VertiKUL drone "delivers" on both hovering and forward flight
When something is sent to you by airmail, it travels in a fast and relatively fuel-efficient fixed-wing aircraft, not a fuel-guzzling helicopter. Nonetheless, when we hear about the possibility of drones being used to deliver items within cities, multirotor-style aircraft are almost always what's proposed – while they're good at maneuvering in urban spaces, they're essentially just little unmanned helicopters. With that in mind, a group of three engineering students from Belgium's KU Leuven (Katholieke Universiteit Leuven) have created a prototype delivery drone known as VertiKUL, which combines the best features of both types of aircraft.
Master’s students Cyriel Notteboom, Menno Hochstenbach and Maarten Verbandt designed and built VertiKUL as an assignment for their master's thesis.
The electric aircraft takes off and lands like a quadcopter, with its four propellers allowing it to rise and descend vertically. Small cargo items weighing up to 1 kg (2.2 lb) can be stowed in an open space inside the drone.
Upon reaching cruising altitude, it turns on its side, so that what was formerly its top becomes its nose – it's not unlike the Quadshot, which we covered previously. Guided by GPS, it can then head for its destination very quickly, using far less energy than a multi-rotor. Its current range is 30 km (18.6 miles).
Once it gets to its destination and reverts to "hovering" mode, its onboard electronics identify the circular LED-illuminated landing platform, and automatically guide the aircraft down onto it.
For now though, along with waiting for legislation that would allow such delivery drones to actually be used, the students are working on improving VertiKUL's ability to adapt to changing weather conditions.
It can be seen in action in the video below.
Source: KU Leuven via IEEE Spectrum
About the Author
An experienced freelance writer, videographer and television producer, Ben's interest in all forms of innovation is particularly fanatical when it comes to human-powered transportation, film-making gear, environmentally-friendly technologies and anything that's designed to go underwater. He lives in Edmonton, Alberta, where he spends a lot of time going over the handlebars of his mountain bike, hanging out in off-leash parks, and wishing the Pacific Ocean wasn't so far away.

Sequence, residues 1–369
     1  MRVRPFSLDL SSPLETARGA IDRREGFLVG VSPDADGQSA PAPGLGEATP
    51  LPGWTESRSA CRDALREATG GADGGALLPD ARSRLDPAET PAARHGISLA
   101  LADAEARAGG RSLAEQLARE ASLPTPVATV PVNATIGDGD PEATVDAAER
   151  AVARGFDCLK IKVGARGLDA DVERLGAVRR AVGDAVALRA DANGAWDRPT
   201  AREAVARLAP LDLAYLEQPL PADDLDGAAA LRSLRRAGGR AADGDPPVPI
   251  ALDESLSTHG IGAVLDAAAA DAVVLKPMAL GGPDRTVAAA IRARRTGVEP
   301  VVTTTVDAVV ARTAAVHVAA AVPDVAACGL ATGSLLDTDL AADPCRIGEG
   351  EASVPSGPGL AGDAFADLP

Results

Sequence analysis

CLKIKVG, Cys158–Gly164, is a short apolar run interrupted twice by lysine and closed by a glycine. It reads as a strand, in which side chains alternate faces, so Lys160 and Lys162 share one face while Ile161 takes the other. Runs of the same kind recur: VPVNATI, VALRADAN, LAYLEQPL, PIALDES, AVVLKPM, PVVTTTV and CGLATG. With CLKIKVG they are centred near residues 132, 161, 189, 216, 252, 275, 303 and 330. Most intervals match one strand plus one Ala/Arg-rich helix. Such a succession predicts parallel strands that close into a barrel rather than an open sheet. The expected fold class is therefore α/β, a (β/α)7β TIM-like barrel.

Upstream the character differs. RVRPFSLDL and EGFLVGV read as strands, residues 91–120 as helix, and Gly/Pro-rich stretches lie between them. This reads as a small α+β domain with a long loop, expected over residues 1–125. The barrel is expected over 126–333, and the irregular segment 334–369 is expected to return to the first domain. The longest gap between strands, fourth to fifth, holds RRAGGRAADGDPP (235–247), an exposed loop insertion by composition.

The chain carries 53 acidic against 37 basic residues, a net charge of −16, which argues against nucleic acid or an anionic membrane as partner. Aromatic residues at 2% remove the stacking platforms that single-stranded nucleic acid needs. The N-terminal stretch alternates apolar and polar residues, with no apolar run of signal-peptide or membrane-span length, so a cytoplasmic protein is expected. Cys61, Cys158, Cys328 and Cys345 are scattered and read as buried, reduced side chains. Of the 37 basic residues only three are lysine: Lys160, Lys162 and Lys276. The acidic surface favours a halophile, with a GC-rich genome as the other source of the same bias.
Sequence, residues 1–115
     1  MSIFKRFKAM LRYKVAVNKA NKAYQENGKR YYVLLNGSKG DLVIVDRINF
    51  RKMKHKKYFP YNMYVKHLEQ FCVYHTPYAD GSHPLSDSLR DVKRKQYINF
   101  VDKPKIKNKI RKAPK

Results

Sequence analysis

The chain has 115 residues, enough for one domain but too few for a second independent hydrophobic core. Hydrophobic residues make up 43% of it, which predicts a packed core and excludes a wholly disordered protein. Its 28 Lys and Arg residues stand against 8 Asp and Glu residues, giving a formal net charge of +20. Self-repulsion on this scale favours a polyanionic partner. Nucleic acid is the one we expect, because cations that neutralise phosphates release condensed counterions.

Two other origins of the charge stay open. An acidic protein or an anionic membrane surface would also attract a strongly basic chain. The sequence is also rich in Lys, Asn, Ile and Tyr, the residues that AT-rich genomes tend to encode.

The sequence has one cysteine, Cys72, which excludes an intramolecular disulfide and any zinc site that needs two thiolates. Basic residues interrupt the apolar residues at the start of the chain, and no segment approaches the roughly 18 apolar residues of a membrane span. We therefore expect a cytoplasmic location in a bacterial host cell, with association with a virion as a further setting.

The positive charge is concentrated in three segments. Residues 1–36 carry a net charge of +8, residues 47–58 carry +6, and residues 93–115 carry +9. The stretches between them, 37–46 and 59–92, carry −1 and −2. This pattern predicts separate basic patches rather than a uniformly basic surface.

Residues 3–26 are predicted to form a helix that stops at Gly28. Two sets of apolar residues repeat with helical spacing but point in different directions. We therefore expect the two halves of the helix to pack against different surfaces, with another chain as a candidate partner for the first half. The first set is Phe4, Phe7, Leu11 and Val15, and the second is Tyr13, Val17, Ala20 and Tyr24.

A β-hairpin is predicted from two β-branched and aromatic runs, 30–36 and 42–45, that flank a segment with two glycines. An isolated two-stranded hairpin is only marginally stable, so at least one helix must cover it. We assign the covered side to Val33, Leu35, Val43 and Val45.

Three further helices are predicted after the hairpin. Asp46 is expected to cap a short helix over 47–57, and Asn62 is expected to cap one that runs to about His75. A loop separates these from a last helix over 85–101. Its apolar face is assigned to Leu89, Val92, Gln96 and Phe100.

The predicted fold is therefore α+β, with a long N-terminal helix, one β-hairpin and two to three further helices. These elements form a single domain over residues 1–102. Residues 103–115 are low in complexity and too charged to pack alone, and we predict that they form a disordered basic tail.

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How much does a 6 pack weight?
Isn't that why you have a dog, Mark? ;)
Noel K Frothingham
Noel and Mark - Now if you could train a dog to carry one of those Heinekin little barrels like a Newfoundland does a brandy cask ...
Actually, this seems like a clever solution, no 'swivelling' wings or rotors to add complexity, just a flight computer - and it looks like it works!
Now if it will scale up, but it depends on weight V size I suppose, it could be a very versatile solution for many worries on limited access (forest clearings? or tight city plazas?) for a lot of uses.
Once in use, how long before the delivery drones get shot down by thieves hoping to help themselves to the contents, and the components of the aircraft?
There is going to be the need for an onboard camera - and thus increased payload - to record deliveries because as sure as eggs is eggs there are some who will claim that what they ordered did not arrive.
This is a fab device. Obviously it's going to have to be quite a bit larger to carry any sort of payload.
Is this supposed to hover outside your front door waiting for you to realise it's there?
if this could be just scaled up to carry a man, then we would have a wonderful flying machine. Surely it would be possible to have a small Wankel engine, driving four propellers?
This problem was was solved about 15 years ago by Hugh Schmittle of Freewing. He called his drone: Manta.
Five minutes in the USofA ten elsewhere.
This architecture (term?) is a German idea that was made into at least 3 different experimental aircraft in the '50s. 1 of the problems with them was that the pilots couldn't see the ground while landing, not a problem for a drone. But a drone will still be blown sideways by strong winds while it is in vertical flight.
It does not show the change from vertical to horizontal flight and vice versa. That is the issue the engineers are trying to solve not the vertical flight and the horizontal flight individually of any vehicle, which had been solved for over a 100 years.
Thumbs up for this one! :)
The video seems to show a transition from horizontal to vertical at 1:55. That seems to the the important point of this device, and rather than a quick demonstration of that capability (like take off, do a quick circle, and land), most of the video is wasted. Still, excellent work.
Bruce H. Anderson
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